For McConkey, the first Life Integration course convinced her she had dozens of ''issues''. She immediately signed up for two more. At the next course, ''The Final Step'', 70 people went to a rural property in a bus with the windows blacked out. They handed over phones, wallets and identification. Their ''self'' was being removed, as was any means of escape. For a week they were yelled at, punished, pressured to complete tasks in a short time. In the attempt to ''cleanse'' themselves, they were made to go hungry, and would often only get two hours of sleep a night. They paraded naked in front of the group, which McConkey found humiliating.
The next course was even more extreme. Called ''Personal Mastery and Metaphysical Counselling'', it cost $10,000 and lasted a year. It featured a punishing daily regime including a strict vegan diet, a daily 10-kilometre run and drinking two litres of fruit juice.
''These techniques appear to be for health reasons but they actually have the effect of debilitation,'' says Whitsett. ''They reduce the person's ability to think critically, to reason, and when people are so weak the 'self' is impaired, they are easier to control and manipulate.''
McConkey recalls seeing visions of ''spirits'' - what Whitsett says were probably hallucinations or ''waking dreams'' caused by lack of sleep. Lakaev disputes these details, saying the vegan diet was only for a short time. One year's program, she admits, became ''quite extreme'' but she had tried to ''settle it down''.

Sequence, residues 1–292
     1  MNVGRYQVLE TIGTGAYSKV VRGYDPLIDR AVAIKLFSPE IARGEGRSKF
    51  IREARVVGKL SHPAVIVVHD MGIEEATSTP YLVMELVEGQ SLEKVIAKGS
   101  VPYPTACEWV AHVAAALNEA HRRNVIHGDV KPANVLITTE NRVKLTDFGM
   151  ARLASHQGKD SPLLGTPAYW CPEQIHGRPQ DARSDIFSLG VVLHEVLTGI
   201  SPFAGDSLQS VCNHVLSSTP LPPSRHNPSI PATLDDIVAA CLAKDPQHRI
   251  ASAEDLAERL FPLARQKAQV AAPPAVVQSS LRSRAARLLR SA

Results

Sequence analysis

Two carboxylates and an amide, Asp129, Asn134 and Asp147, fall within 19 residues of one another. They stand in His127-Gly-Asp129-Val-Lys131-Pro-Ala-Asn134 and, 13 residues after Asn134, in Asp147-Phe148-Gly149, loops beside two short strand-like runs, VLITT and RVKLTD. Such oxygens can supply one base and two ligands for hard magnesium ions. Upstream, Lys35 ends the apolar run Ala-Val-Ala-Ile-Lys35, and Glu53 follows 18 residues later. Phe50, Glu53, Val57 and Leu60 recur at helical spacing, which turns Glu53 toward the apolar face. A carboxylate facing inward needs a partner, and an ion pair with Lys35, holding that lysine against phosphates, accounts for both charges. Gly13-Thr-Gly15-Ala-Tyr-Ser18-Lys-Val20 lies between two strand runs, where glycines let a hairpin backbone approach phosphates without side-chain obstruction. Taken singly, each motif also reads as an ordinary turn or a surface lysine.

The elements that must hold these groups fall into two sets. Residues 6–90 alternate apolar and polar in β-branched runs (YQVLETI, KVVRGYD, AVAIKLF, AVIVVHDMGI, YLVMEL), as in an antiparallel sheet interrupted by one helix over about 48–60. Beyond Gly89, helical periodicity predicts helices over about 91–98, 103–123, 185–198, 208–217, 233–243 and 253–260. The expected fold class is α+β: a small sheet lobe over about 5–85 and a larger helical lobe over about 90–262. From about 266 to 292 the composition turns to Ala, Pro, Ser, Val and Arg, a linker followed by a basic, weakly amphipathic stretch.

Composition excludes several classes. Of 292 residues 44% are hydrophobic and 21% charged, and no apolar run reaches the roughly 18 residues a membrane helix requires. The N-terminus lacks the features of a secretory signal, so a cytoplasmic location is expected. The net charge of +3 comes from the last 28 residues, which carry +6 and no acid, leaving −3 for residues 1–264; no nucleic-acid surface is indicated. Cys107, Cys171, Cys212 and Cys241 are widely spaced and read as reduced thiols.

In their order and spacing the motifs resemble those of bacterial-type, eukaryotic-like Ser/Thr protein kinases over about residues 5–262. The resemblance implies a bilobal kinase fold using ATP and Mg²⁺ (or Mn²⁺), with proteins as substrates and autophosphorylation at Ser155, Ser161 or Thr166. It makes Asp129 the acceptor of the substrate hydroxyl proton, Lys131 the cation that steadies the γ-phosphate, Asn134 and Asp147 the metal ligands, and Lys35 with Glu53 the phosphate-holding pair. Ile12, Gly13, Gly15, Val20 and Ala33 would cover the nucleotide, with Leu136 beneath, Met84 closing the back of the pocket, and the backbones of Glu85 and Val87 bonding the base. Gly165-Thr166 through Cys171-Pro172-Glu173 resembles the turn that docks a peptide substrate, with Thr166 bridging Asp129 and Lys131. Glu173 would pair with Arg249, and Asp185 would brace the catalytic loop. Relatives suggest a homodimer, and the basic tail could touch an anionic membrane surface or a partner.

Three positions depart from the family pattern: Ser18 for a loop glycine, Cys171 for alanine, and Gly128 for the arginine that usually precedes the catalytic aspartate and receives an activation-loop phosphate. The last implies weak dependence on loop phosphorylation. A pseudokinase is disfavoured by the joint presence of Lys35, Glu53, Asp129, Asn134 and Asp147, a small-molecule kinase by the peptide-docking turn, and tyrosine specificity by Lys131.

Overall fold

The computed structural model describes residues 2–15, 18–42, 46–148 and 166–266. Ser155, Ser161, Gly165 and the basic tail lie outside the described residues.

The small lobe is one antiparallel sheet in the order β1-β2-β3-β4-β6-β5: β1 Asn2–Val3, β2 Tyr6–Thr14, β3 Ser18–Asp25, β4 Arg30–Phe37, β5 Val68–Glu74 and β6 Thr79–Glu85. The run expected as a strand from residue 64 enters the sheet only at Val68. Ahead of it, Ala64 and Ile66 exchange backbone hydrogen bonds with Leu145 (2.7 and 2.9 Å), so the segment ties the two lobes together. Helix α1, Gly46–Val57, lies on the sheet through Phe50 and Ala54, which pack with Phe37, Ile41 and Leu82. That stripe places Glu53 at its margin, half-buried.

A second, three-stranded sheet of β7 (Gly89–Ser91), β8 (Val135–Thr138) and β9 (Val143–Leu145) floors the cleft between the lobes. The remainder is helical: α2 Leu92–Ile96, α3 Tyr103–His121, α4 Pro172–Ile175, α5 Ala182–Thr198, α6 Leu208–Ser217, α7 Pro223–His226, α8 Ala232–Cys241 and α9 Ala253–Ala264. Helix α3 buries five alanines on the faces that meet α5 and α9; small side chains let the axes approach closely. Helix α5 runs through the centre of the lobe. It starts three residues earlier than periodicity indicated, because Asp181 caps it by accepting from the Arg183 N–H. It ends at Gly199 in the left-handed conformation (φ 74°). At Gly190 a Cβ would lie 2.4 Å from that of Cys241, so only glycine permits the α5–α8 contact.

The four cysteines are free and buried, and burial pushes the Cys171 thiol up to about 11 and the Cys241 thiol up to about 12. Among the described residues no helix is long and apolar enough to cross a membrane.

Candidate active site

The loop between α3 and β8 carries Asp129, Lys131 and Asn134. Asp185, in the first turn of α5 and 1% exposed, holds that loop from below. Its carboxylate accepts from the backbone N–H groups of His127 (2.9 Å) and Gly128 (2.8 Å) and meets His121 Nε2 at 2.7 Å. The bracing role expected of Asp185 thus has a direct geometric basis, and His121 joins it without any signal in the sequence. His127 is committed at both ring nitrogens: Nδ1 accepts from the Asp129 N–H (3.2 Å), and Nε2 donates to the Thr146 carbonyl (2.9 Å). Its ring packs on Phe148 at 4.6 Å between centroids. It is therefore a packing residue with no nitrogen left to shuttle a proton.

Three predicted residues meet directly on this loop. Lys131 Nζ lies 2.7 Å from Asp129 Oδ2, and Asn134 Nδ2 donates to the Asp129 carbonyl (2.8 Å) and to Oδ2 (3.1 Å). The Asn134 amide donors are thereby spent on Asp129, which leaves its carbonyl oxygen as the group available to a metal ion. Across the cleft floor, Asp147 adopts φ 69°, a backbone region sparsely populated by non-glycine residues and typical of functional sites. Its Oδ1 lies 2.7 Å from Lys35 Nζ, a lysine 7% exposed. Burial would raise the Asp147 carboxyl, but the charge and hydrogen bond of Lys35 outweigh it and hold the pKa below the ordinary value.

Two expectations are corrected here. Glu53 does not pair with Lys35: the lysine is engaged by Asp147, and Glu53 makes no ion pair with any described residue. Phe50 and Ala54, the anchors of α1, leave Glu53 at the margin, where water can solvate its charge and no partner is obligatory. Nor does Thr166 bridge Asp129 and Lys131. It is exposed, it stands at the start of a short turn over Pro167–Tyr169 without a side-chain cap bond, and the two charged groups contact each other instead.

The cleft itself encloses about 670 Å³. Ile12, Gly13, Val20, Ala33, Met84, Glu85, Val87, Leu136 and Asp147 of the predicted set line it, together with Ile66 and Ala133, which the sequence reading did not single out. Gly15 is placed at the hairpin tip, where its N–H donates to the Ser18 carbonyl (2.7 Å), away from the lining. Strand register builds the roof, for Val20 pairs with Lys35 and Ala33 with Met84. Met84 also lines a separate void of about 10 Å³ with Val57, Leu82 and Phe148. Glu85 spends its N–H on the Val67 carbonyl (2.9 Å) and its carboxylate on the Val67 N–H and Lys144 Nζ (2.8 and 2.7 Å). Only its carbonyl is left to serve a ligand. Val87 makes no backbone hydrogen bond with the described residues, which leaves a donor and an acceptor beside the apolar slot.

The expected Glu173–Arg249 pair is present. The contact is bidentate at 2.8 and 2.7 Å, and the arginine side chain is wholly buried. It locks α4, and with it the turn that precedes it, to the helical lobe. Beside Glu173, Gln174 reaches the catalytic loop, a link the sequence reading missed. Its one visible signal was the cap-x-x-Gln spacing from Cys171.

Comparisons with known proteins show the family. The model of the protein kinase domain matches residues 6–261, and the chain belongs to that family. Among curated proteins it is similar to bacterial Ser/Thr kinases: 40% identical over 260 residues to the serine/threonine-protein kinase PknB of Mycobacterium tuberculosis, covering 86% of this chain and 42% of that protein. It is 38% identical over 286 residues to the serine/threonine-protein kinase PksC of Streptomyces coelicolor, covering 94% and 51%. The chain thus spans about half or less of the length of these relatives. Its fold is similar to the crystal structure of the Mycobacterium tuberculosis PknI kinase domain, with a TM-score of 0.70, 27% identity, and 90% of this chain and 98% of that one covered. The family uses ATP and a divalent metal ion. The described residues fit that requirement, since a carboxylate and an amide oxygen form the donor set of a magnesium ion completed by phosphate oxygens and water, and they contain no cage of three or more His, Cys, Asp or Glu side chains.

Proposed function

Always a conscientious student, McConkey was desperate to succeed. But Lakaev's comments to her and others were 90 per cent negative, convincing them they needed to work harder.
Adrian Norman, a former member of Sydney cult Kenja, said an apparently random reward-punishment system kept him on edge for years. ''You were built up as wonderful … and then a week or two later you are the worst person in the world and disgusting and smelly and no one would ever want to be with you. It's like couples in abusive relationships - you go into a state of hyper-awareness and you can't think critically because you don't know if you're going to be attacked.''
Whitsett says this ''continuous barrage of attacks on the 'self' keeps the person in a continuous state of failure, of low self-esteem, and attached to the cult''.
''They want to improve, to be better people, but they can never live up to the impossible standards set by the leader.''
Cult members are also often deliberately disoriented, and outside influences removed to reduce their ability to distinguish what's normal. McConkey says Lakaev insisted that she renounce her parents and never discuss anything that happened on the courses - claims Lakaev denies. But Carli's mother, Robyn, remembers: ''You'd just talk generally and she couldn't answer any simple questions because it pertained to what was happening up there, and it was all so secret. So there gradually just came a line where you didn't know what to talk about any more.''
A Melbourne family, who wish to remain anonymous, say their son is being recruited by the Jehovah's Witnesses and they are watching him drift away from them as the cult's persuasive techniques prove ''more powerful than the love of the family''.
''To have a heartfelt relationship with one of your children and then to have a superficial, plastic relationship, it's gut-wrenching,'' says the father.
Cults also try to make it hard to find external, verifiable information. Lakaev uses lawyers to vigorously patrol public comment about her. She has legally pressured Google to remove links to websites critical of her and she is suing some former members for defamation over information they published on blogs.